New regulations will seek to correct EU failures in dealing with migrant crisis, most notably inability to get member states to absorb a total of 160,000 refugees

    More Political Turmoil Likely in Iraq as Iran Waits in the Wings

    Analysts warn that Tehran, even though it may not be engineering the Sadrist protests in Baghdad, is seeking to leverage its influence on its neighbor

    Forced Anal Testing Case to Appear Before Kenya Court

    Men challenge use of anal examinations to ‘prove homosexuality’; practice accomplishes nothing except to humiliate those subjected to them, according to Human Rights Watch

    This forum has been closed.
    Comments
         
    There are no comments in this forum. Be first and add one

    By the Numbers

    Featured Videos

    Your JavaScript is turned off or you have an old version of Adobe's Flash Player. Get the latest Flash player.
    Tensions Rising Ahead of South China Sea Rulingi
    X
    May 03, 2016 5:16 PM
    As the Philippines awaits an international arbitration ruling on a challenge to China's claims to nearly all of the South China Sea, it is already becoming clear that regardless of which way the decision goes, the dispute is intensifying. VOA’s Bill Ide has more from Beijing.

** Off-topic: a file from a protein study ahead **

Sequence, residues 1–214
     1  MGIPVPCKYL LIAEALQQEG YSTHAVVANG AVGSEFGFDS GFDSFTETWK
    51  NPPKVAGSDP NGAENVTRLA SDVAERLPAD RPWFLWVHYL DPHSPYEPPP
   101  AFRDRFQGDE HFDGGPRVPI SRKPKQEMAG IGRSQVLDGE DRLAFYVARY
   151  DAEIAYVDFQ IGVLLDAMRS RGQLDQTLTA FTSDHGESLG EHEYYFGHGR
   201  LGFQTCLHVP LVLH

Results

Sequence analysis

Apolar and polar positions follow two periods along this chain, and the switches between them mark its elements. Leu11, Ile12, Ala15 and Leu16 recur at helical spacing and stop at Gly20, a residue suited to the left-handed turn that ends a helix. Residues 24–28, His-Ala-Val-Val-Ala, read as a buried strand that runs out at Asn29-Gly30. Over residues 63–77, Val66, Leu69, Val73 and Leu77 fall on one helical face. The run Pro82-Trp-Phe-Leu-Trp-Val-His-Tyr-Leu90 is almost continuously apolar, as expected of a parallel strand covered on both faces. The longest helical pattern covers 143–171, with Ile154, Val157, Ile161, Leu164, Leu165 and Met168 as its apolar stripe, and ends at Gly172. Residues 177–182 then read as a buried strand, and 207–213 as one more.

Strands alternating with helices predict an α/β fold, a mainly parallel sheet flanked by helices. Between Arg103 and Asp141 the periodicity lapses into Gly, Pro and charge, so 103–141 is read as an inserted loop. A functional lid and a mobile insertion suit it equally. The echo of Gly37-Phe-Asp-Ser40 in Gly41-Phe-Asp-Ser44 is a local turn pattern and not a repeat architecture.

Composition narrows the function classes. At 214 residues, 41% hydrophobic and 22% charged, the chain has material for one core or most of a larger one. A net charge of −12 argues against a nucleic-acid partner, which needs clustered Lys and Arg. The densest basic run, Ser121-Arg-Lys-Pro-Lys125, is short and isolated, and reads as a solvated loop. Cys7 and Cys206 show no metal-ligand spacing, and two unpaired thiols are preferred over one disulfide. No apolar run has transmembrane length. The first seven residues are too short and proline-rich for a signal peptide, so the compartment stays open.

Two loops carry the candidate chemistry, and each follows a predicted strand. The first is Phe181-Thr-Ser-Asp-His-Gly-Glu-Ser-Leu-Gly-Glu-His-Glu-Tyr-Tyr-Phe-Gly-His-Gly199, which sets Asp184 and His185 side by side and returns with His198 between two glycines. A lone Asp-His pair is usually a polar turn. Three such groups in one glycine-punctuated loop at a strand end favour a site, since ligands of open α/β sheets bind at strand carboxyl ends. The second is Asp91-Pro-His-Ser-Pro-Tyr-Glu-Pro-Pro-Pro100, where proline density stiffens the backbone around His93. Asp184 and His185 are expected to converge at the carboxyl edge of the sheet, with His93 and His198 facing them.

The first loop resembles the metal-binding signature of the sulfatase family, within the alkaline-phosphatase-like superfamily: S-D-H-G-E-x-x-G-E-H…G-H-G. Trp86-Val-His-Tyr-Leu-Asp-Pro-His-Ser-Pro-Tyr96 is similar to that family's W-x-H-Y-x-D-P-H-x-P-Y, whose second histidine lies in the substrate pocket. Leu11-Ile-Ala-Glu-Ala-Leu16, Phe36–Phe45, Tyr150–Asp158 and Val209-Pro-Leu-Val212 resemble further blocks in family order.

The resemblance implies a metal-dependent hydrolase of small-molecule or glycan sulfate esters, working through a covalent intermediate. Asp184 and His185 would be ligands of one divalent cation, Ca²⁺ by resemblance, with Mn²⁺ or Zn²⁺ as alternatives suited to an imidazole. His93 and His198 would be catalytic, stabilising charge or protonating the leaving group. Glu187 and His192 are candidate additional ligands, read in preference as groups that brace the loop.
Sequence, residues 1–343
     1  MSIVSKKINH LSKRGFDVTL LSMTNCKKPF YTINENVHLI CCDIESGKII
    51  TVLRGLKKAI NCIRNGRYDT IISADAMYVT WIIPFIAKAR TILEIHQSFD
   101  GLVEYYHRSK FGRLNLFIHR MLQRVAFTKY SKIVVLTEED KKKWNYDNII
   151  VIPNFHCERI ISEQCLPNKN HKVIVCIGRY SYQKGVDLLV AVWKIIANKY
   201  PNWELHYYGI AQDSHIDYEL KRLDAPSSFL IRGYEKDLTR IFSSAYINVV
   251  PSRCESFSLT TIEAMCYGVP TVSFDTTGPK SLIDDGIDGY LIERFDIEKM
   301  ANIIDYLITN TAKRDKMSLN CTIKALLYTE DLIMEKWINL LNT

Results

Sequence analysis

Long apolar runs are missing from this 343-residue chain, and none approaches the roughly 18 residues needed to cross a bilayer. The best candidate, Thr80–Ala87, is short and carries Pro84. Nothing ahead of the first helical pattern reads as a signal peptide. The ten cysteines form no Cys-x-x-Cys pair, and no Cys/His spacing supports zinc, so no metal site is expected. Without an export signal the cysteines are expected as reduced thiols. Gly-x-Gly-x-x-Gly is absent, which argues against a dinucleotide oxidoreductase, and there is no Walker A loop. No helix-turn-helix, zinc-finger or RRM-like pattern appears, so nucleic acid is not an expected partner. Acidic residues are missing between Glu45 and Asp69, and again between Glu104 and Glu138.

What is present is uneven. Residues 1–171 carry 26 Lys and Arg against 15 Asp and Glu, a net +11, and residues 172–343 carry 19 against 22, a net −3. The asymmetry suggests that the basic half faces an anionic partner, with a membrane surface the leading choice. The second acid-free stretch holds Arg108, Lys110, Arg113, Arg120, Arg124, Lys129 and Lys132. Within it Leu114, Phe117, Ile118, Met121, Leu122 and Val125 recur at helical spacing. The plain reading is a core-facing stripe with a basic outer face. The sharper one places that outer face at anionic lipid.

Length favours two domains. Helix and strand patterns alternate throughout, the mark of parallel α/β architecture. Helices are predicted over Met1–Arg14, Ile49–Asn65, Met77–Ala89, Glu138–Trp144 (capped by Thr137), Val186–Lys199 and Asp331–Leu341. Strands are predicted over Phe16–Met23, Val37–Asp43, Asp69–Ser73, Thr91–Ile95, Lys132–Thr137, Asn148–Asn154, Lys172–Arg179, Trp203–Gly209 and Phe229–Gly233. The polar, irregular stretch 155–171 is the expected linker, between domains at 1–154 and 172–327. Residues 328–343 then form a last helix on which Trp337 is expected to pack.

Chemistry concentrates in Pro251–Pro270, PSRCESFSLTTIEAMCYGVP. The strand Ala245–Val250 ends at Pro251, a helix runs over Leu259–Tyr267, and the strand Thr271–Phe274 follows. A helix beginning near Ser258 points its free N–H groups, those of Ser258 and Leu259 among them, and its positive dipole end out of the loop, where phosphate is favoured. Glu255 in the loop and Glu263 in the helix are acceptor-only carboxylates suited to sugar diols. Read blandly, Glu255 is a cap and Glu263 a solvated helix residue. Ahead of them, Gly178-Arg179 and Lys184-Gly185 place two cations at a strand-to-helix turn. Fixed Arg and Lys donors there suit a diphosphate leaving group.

Video

    Video Tensions Rising Ahead of South China Sea Ruling

    As the Philippines awaits an international arbitration ruling on a challenge to China's claims to nearly all of the South China Sea, it is already becoming clear that regardless of which way the decision goes, the dispute is intensifying. VOA’s Bill Ide has more from Beijing.
    Video

    Video Painting Captures President Lincoln Assassination Aftermath

    A newly restored painting captures the moments following President Abraham Lincoln’s assassination in 1865. It was recently unveiled at Ford’s Theatre in Washington, where America’s 16th president was shot. It is the only known painting by an eyewitness that captures the horror of that fateful night. VOA’s Julie Taboh tells us more about the painting and what it took to restore it to its original condition.